The non-vote for and withdrawal of The American Health Care Act on March 24, 2017, was a win for the retail health market, at least in the short-run.
Before the vote, there had been some pronouncements that the passage of the AHCA would have been a boon to retail health. Here’s one story stating that, “A boom in medical tourism to Mexico predicted if Obamacare ends.” Another article asserts, “Why the American Health Care Act Works for Retailers,” a public policy statement from the National Retail Federation (NRF).
But NRF, please don’t fret. Retail health is consumer-driven and will persist beyond the fall of TrumpCare/RyanCare/AHCA.
It is the new-normal for patients to behave as health care consumers, in search of value based on their own values in more convenient, accessible, well-designed, cost-saving formats. These new health consumer muscles continue to get stronger and more demanding, with or without the AHCA.
Under the Affordable Care Act (Obamacare), newly-enrolled health plan members had to first shop for health plans, and in the process of doing so learned new lingo describing health plan designs (eg., deductibles, co-payments, co-insurance, health savings accounts). Health insurance newbies went online and got more digitally savvy. People identified networks of physicians and service points, and when they got to those doctors’ offices and clinics, patients signed HIPAA forms and got introduced to the concept of medical privacy.
Doing these tasks builds consumer-health experience, knowledge and competence over time. At first, it feels like a muddling-through this non-system of a system. Yet going through the workflows raises health consumer consciousness.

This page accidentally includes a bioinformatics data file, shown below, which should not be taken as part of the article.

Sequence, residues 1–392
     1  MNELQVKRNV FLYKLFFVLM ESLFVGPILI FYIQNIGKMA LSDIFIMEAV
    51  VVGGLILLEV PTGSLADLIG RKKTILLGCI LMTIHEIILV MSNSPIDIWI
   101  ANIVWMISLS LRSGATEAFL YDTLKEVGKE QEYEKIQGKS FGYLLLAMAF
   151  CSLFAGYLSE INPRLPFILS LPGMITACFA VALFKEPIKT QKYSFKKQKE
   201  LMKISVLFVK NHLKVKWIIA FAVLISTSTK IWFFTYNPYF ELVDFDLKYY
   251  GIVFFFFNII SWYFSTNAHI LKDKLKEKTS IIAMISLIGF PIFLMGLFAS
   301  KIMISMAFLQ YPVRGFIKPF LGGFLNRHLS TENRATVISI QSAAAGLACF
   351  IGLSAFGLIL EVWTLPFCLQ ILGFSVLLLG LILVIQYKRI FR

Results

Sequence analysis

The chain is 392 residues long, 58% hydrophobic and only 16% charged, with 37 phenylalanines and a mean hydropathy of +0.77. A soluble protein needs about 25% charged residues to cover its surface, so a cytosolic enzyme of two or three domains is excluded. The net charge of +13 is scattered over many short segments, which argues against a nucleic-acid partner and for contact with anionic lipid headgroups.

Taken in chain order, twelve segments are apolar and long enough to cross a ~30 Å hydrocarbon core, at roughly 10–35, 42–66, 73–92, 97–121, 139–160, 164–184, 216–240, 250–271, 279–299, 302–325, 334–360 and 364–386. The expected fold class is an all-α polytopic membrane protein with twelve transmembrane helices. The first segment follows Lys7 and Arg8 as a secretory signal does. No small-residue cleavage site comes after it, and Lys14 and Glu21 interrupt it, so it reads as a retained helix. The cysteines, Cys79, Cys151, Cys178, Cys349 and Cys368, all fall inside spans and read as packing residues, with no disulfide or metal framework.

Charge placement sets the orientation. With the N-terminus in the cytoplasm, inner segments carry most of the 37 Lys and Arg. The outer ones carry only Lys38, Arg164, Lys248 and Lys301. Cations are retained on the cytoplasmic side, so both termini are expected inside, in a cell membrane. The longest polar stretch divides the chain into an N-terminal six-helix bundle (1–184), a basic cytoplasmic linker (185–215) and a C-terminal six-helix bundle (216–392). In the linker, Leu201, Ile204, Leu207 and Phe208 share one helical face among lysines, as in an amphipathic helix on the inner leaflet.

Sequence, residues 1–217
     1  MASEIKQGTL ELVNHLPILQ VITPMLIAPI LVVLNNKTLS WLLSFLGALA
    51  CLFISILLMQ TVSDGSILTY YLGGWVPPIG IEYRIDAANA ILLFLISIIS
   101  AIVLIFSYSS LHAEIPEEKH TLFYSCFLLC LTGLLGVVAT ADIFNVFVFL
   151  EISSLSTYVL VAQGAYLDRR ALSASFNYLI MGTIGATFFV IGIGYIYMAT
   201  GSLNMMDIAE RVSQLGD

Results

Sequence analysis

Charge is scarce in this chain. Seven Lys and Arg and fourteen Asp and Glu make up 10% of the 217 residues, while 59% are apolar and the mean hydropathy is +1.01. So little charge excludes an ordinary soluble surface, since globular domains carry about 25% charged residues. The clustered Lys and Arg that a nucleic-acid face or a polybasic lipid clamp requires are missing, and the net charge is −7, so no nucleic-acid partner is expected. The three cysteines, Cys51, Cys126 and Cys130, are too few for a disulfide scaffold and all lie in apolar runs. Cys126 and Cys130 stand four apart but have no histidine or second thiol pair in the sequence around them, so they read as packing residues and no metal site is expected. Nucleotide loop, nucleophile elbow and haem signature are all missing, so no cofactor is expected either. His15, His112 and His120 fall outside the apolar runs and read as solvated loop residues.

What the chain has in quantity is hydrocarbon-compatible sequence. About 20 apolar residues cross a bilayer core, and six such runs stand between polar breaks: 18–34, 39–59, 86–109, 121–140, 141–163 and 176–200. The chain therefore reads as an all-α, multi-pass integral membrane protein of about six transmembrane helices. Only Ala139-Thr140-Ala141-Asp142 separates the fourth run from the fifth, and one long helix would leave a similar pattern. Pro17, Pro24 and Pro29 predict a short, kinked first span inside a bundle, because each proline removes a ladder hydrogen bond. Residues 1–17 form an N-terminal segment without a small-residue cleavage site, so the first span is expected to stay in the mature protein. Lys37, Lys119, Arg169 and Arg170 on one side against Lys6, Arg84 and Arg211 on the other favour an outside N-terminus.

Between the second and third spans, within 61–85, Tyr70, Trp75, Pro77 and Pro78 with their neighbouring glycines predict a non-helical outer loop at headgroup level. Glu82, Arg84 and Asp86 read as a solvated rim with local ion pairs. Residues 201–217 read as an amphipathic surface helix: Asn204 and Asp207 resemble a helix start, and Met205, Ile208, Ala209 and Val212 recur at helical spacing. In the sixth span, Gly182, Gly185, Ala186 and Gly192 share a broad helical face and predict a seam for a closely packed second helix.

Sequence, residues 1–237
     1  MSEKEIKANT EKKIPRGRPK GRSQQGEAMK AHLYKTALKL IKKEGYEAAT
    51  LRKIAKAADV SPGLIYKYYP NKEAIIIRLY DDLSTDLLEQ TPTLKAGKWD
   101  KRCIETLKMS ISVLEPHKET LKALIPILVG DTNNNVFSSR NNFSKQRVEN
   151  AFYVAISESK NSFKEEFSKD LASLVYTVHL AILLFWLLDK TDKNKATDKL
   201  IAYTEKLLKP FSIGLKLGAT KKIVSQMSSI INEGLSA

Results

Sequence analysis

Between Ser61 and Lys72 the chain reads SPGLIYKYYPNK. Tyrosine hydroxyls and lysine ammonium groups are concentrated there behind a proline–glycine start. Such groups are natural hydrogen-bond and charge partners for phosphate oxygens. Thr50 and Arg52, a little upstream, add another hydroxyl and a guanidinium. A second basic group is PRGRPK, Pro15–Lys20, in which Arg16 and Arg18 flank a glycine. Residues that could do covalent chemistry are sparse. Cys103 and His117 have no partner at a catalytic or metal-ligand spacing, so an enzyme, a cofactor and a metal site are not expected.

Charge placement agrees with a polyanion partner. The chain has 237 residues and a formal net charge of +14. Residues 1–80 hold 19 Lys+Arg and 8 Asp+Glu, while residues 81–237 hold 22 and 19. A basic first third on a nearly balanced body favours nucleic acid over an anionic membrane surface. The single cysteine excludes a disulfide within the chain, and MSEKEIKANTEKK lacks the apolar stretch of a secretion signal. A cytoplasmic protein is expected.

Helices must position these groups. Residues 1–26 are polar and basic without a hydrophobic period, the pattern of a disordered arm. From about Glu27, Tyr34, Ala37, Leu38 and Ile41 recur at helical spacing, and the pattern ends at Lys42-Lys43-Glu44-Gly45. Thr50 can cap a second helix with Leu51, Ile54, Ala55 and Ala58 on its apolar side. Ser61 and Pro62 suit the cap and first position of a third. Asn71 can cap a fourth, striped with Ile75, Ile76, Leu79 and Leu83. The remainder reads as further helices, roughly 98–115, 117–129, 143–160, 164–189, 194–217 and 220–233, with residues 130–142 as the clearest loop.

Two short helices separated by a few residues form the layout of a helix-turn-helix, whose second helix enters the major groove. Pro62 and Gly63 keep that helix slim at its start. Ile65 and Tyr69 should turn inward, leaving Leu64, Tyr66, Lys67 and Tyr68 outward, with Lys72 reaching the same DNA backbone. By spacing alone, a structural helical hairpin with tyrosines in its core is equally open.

Health Populi’s Hot Points: In the past few days looking for context after the fall of the AHCA, I revisited a study that was based on a consumer survey conducted about 18 months after the onset of the Great Recession of 2008. Eyes Wide Open/Wallet Half Shut from Ogilvy found that consumers were looking for sustainable living in every aspect of their lives: including and especially keeping healthy and saving money.
Those two life-flows — getting and staying healthy, and conserving money — are front-of-mind concerns for health consumers in 2017. As President Trump tweets on about the downfall and implosion of Obamacare and the Affordable Care Act, patients-now-consumers grow concerned about how and where they will access health care, and whether they’ll be able to afford it. These concerns were part of the motivation underpinning the ACA, and continue to worry people who are both insured (many feeling under-insured) and those still without health plan coverage.
Retail health channels — pharmacies, urgent care and retail health clinics, telehealth, mobile apps, wearable tech, medical tourism, and a DIY Maker Health ethos will gain favor among consumers looking for health-control.
For more details on the growing retail health landscape, check out: